Working on the Science City design process, I witnessed first-hand how the university was valued by the population and, more importantly, the people were well aware of the long-term investment required in the quality of the educational system. Similarly, in western Switzerland, near Lausanne, ETH Lausanne is contributing greatly to the development and well-being of surrounding cities.

In Singapore, the universities are taking on the same role; the highly-ranked National University of Singapore and Nanyang Technological University, and new institutions like the Singapore University of Technology and Design have been increasingly involved in plans to develop the city.


Singapore is a vibrant city full of energy — literally. Over the last few years, three topics have emerged repeatedly and have taken over many conversations between residents, citizens, politicians, diplomats, students, public servants and taxi drivers. These topics are, not surprisingly, transportation, the economy, and the growing population.

On the other hand, people are also increasingly concerned about the rising heat in the city. Anecdotally, people feel like Singapore is getting hotter, but no one quite knows the reason why. Some feel that it is due to climate change on a global level.

In fact, cities are traditionally warmer than their surrounding countryside due to the phenomenon known as Urban Heat Island effect, and Singapore is no different. The main cause of this phenomenon is the modification of land surface through urban development using materials that retain heat. As a second contributor, heat is generated by energy usage within the city. Both effects increase its temperature.

Cooling down a city goes beyond merely blasting cold air into warm indoor spaces. Furthermore, in conventional urban design, if we blast cold air into a space to cool it down, we will inevitably meet with a trade-off — not only will more energy be required, the heat will also be channelled into an area which will then be artificially warmer than it is supposed to be.

That is why cities are on the hunt for sustainable ways to mitigate the Urban Heat Island effect. These include enhancing urban infrastructure such as growing greenery on rooftops, planting trees to increase shaded areas, or using bright street surfaces to increase reflection. Some of the above have already been successfully implemented in Singapore.

However, these measures only serve to ease the effects of the phenomenon and do not address the issue at its roots. This is a good time for Singapore to think out of the box in tackling the above-mentioned issues alongside allaying the Urban Heat Island effect.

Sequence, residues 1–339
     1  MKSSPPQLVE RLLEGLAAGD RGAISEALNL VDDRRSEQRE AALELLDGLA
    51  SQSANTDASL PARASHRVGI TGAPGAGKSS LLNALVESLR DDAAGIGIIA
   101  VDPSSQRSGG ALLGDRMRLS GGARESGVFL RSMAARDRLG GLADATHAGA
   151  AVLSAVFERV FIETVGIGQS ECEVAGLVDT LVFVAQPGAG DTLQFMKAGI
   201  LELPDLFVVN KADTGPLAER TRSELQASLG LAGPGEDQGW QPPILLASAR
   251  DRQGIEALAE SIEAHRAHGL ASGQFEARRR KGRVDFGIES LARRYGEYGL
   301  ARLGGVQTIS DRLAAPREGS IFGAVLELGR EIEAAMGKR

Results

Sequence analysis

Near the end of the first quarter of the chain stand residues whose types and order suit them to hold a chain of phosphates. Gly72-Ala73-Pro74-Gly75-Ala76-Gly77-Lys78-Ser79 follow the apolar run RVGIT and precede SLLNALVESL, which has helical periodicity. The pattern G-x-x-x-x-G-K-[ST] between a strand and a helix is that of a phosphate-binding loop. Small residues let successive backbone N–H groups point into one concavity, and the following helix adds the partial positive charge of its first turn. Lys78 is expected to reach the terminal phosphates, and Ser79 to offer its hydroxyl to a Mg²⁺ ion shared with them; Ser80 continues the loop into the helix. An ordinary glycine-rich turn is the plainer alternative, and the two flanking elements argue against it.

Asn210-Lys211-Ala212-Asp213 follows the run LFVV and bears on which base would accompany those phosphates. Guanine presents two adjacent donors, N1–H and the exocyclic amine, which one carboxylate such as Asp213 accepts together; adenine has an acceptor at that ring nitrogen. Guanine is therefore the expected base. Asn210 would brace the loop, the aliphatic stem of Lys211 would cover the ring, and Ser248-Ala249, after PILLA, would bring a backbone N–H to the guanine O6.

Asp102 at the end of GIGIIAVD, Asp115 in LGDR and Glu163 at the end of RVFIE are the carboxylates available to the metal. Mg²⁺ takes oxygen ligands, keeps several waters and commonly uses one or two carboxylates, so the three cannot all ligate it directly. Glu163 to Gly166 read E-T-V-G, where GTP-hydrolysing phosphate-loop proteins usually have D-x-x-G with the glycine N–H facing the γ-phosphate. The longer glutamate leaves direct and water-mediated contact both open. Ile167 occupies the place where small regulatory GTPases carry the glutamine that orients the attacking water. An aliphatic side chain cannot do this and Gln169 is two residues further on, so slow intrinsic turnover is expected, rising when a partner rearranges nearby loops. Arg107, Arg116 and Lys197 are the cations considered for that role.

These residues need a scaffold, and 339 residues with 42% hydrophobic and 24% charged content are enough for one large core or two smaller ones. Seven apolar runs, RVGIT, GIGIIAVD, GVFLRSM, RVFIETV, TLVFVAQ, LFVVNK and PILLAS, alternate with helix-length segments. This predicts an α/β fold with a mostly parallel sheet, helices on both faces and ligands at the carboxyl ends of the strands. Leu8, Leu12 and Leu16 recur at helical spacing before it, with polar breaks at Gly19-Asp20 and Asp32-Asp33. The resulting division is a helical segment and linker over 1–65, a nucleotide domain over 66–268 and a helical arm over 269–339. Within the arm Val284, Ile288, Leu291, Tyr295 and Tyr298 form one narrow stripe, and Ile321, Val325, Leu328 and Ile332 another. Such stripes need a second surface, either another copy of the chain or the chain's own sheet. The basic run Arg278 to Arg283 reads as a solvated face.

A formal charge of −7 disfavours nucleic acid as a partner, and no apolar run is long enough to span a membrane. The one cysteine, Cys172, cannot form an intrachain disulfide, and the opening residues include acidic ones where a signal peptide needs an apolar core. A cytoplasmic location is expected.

A study of the largest sources of heat and their interconnections — industry, transportation and buildings — also points to intensifying possible mixed-use solutions based on Singapore’s concept plan and master plans for urban development.

Some approaches that have proven very successful in Switzerland include higher industrial value creation with less energy used, and thus less heat released, or advancing transportation efficiency towards electric vehicles with less heat and noise generated.

If some of these strategies are applied in Singapore, it would automatically reduce the need for air conditioning — and, in turn, start a virtuous cycle that would further improve walkability and air quality, with all its positive effects on health. It might even reduce the intensity of downpours leading to flooding.

Cities like Tokyo are trying to lower the temperature in downtown areas by enhancing natural wind-flow. That, however, might not be feasible for a small island like Singapore. Instead, the country can explore strategies to increase ventilation through enhancing vertical airflow. This reduces ambient temperature as heat is drawn vertically upwards and released into unoccupied space.

Singapore has an advantageous attitude towards innovative measures; this city is one of the boldest in testing new strategies and technology. With the island’s density slated to grow, we must develop convincing solutions which ensure it remains cool and calm.

Singapore could be the first city that improves its climatic conditions with rational and natural means — and this will contribute greatly to its liveability and attractiveness through to 2030 and beyond.


Professor Dr Gerhard Schmitt is Director of the Singapore-ETH Centre, established by ETH Zurich and Singapore’s National Research Foundation and Module Leader of the Simulation Platform research module at the Future Cities Laboratory.